Note: our church is about to begin calling a new minister, which reminded me of an old story I wrote years ago, a story once published in a magazine titled Reformed Worship. Please forgive its trespasses.
When Pastor Rog left Springvale Church, there was no weeping or gnashing of teeth. Not that he and the members of his congregation didn’t get along. Pastor Rog was easy to like, after all—everyone agreed on that. In addition, he followed the rules, even those left totally unstated. He wore the right clothes and sent his kids to the right schools, held memberships in the local Lions club and the C of C, which meant he kept an active and public life as a volunteer, and, thereby, was doing a great job keeping up a presence for Springvale in the city. His wife had a respectable part-time job at a local nursing home. Kids were well behaved.
That the people of Springvale Church weren’t sorry to see Pastor Rog leave had nothing to do with his sociability, his family, his personality, or his willingness to work. It had to do with his preaching--which was at best ho-hum. Pastor Rog pursuit of texts was, well, plodding, as was his general delivery. He rarely deviated from six or eight favorite gestures (a tightly clenched fist turned inward was his favorite), and he tended to repeat the phrase “in large part” so frequently that kids regularly tallied the numbers and compared notes afterward. His sermons, to many of the good Springvale souls, seemed irritatingly predictable--which was to say, somewhat boring.
However, Springvale congregation would not have been so eager to see him leave if they had been aware of the complex process of locating a suitable replacement. The church hadn’t been without a preacher since before the war—at least that’s what people claimed, but no one knew exactly which war people meant when they said that. Finding a new under-shepherd, the council noted in its July meeting, would be a challenge that would demand the best from all.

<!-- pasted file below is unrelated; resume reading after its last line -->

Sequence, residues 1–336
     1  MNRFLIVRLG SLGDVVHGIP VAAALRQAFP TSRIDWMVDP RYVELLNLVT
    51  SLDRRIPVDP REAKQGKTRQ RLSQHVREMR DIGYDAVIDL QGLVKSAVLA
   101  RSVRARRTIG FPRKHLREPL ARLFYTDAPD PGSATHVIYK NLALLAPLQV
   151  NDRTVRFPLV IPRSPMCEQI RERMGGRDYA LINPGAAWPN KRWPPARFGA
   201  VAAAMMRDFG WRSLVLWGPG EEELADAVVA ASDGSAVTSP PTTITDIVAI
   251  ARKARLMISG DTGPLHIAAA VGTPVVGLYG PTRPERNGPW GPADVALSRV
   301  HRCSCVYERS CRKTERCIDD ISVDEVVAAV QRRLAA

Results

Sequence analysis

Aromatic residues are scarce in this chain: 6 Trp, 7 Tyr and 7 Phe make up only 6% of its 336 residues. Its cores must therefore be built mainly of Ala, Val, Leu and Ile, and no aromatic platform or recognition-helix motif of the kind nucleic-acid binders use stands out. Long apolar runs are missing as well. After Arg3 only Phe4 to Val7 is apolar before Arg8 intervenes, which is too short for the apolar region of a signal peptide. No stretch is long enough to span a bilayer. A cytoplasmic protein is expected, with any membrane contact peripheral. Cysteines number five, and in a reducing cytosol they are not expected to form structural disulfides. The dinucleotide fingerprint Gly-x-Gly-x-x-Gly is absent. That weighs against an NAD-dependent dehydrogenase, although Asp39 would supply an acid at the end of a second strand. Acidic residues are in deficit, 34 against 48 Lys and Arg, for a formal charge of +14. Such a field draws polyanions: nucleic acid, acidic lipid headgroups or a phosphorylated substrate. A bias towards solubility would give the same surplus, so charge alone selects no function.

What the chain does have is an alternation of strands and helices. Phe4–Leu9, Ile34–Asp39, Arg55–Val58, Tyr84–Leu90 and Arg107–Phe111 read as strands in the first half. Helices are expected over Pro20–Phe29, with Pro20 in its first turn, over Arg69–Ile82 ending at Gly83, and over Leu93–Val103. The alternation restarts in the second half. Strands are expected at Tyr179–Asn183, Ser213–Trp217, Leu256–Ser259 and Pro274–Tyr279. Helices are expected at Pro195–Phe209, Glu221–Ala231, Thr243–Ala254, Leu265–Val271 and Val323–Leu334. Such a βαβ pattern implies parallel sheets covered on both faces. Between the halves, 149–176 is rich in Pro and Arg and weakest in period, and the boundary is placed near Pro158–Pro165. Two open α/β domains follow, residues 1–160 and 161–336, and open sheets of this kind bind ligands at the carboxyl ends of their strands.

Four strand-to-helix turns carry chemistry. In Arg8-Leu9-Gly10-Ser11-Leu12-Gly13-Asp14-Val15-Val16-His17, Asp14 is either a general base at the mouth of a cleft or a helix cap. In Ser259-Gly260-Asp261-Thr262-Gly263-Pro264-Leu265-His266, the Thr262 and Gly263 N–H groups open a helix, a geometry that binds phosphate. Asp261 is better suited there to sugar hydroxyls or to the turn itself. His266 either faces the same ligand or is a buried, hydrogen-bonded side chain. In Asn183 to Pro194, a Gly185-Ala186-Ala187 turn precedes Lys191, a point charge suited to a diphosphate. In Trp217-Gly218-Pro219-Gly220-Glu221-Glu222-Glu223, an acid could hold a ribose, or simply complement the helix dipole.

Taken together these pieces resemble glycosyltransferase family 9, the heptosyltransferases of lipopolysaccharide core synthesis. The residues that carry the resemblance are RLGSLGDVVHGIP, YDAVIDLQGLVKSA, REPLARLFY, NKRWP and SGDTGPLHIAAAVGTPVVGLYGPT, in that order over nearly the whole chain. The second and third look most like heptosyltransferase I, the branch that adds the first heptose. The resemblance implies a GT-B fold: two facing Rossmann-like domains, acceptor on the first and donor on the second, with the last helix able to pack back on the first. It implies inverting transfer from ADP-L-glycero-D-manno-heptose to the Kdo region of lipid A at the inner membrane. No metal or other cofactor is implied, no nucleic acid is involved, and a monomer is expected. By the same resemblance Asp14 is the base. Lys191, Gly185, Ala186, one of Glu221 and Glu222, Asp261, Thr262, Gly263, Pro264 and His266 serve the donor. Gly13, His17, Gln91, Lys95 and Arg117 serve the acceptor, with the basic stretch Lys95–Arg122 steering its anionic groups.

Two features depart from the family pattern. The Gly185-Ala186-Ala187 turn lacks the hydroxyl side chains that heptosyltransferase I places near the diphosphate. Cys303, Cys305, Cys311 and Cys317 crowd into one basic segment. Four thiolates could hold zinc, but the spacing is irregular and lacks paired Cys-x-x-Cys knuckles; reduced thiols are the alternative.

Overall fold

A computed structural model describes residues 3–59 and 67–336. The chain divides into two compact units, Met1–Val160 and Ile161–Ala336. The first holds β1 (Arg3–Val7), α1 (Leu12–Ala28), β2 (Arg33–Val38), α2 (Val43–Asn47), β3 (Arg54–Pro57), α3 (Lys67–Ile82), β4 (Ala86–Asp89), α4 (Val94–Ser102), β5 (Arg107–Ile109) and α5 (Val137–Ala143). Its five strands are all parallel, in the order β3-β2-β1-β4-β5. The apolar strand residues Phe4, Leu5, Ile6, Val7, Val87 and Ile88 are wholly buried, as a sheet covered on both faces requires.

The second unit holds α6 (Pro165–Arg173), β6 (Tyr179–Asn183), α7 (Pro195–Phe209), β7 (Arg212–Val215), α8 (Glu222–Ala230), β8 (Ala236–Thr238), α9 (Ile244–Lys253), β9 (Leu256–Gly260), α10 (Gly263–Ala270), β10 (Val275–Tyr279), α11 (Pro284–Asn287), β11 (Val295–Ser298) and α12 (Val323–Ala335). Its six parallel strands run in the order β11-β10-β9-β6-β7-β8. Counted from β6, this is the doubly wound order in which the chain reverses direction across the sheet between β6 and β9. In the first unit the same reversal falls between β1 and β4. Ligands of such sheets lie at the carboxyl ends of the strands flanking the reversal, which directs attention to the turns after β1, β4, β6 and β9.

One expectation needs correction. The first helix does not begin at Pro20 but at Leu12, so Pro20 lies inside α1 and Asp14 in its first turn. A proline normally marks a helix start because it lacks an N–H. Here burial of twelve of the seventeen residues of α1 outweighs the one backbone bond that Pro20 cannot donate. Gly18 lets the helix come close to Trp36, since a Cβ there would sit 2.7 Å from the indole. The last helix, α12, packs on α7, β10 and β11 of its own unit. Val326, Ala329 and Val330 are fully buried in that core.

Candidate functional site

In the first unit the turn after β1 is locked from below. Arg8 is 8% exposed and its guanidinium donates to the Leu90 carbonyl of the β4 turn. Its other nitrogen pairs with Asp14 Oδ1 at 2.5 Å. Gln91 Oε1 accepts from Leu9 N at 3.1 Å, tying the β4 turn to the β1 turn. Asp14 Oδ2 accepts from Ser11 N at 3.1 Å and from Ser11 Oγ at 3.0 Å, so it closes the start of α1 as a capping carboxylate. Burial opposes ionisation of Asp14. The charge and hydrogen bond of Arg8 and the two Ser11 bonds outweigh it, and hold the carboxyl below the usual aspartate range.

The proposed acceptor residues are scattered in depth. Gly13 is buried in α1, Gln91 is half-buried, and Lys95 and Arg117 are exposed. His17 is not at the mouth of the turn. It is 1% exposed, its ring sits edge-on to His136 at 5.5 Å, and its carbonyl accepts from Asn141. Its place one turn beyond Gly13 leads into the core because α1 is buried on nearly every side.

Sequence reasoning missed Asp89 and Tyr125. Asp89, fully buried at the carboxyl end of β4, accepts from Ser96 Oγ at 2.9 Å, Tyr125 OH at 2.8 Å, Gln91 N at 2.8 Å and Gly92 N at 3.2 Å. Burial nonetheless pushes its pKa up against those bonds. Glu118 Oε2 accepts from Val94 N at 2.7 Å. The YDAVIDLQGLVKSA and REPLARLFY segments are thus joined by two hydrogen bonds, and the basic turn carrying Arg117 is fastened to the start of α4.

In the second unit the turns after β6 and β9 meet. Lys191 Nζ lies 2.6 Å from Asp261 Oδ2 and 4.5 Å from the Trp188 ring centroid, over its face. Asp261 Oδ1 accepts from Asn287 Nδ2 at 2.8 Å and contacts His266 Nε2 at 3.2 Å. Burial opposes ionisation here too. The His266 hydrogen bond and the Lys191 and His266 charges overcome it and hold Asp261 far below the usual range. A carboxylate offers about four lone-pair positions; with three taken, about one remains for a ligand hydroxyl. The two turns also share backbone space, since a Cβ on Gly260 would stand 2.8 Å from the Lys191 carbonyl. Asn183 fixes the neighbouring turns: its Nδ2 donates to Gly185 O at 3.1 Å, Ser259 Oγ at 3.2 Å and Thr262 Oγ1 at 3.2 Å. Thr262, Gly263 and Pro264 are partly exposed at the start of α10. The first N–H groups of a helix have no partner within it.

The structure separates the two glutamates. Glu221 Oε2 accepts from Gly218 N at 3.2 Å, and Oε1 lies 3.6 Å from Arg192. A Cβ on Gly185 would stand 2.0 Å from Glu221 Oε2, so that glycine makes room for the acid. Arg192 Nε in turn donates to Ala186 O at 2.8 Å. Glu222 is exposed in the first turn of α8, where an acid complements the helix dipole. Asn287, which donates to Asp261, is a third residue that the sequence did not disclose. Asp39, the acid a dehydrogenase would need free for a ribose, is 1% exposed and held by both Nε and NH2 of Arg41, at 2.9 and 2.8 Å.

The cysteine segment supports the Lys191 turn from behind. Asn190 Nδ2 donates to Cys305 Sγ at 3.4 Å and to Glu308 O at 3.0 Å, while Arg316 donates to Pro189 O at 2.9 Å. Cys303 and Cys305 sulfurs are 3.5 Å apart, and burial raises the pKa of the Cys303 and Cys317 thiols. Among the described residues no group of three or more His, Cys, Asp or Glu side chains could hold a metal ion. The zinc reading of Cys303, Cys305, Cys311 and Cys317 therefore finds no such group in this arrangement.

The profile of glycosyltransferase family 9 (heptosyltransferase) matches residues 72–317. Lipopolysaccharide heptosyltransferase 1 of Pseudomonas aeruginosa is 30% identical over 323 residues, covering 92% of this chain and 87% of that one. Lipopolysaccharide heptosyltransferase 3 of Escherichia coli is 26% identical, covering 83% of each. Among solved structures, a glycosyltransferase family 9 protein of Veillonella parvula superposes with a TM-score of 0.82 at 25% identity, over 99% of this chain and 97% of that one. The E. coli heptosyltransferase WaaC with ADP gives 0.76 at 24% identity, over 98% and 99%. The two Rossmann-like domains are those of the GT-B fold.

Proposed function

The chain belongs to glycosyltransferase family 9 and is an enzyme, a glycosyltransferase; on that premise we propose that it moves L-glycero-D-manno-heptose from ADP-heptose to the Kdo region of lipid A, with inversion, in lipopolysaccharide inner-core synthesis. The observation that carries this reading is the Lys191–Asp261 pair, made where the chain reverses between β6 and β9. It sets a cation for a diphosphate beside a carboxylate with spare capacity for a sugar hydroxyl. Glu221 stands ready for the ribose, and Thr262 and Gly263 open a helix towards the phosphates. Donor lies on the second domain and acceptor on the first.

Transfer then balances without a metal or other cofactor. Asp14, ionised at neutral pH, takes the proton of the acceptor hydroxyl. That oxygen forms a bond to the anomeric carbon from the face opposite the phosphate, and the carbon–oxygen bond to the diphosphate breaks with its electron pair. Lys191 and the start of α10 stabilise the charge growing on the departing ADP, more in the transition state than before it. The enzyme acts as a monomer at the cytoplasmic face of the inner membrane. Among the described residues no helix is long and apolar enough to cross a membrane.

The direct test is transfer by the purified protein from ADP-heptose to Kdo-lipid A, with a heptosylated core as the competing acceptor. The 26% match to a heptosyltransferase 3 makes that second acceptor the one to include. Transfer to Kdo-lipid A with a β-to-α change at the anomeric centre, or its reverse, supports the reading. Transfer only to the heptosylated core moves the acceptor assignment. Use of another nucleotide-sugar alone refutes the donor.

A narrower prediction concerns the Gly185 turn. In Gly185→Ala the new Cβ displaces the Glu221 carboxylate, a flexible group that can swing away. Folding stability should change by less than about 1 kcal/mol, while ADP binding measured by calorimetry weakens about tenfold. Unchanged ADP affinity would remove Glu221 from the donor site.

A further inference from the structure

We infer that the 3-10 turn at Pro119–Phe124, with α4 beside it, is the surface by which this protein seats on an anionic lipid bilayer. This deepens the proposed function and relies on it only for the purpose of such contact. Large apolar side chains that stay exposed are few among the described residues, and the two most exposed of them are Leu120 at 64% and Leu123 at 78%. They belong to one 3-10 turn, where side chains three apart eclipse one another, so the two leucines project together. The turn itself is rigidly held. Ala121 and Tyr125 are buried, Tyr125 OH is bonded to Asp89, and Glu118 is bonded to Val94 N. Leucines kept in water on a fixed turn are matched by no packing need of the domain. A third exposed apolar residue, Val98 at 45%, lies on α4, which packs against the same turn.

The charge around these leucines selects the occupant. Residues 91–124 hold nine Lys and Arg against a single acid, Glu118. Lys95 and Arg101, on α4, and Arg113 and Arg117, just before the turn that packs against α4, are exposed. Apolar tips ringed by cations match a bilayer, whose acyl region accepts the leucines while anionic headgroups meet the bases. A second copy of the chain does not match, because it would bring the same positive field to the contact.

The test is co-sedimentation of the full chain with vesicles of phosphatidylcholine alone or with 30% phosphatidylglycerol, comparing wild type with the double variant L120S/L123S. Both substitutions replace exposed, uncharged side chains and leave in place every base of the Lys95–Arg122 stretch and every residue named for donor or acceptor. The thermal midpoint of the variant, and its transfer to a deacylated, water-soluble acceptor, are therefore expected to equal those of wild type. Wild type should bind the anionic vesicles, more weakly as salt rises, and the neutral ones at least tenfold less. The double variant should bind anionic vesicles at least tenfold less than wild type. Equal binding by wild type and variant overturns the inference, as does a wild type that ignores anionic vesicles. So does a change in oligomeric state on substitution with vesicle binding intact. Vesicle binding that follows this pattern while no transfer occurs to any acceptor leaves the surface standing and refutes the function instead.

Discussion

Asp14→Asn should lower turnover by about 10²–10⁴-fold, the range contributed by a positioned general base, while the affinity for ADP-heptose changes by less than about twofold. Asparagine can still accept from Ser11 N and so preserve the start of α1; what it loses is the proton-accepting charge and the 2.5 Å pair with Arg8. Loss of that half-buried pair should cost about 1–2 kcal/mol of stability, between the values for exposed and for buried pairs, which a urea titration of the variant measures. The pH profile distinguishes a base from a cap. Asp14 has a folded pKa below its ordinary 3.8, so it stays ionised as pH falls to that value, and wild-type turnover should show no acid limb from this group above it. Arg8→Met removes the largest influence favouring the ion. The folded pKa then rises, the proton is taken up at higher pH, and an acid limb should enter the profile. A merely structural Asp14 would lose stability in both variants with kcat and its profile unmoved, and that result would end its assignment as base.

At that same meeting they decided that before selecting candidates for the new job, they would survey needs and wants by making specific inquiries to the church’s various groups and societies.
By the following Tuesday, Brother Morse (a computer repairman) prepared a fourteen-page questionnaire, which the council subsequently distributed, calling it an “assessment instrument,” then giving members a strict deadline for completing and returning the pages, and in August most of the congregation’s various interest groups spent quality time discussing the type of pastor the Springvale congregation needed. The council wanted results by September.
Meanwhile, the council devoted their entire August meeting to drawing a profile themselves, beginning with this note—“we don’t believe Springvale is ready for a woman pastor.” Thusly, the pronouns were masculine. He has to be charismatic, they said, and scriptural, capable of writing and speaking not only fluently but with requisite passion; he should have a strong pastoral heart, be a compassionate listener; and he must be committed to kingdom work, gifted with intelligence; a man who is wise with a gracious heart. A good place to begin, they thought.
That profile, the consistory concluded, brought only one candidate to mind. If they were to call someone without the congregation’s approval--in fact, were they that very night to call the man of their choice--it would be, by unanimous vote, King David, an extraordinary leader, practiced in the arts, and the man God himself described as “closest to my heart.”
It was determined, however, that their assessment should be kept confidential so as not to weigh upon various other groups’ decision-making.
to be continued. . .
to be continued. . .